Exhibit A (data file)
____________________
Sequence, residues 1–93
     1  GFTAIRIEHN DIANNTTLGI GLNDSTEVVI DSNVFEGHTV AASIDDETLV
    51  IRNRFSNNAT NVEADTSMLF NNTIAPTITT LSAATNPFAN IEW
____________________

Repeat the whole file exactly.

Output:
Sequence, residues 1–93
     1  GFTAIRIEHN DIANNTTLGI GLNDSTEVVI DSNVFEGHTV AASIDDETLV
    51  IRNRFSNNAT NVEADTSMLF NNTIAPTITT LSAATNPFAN IEW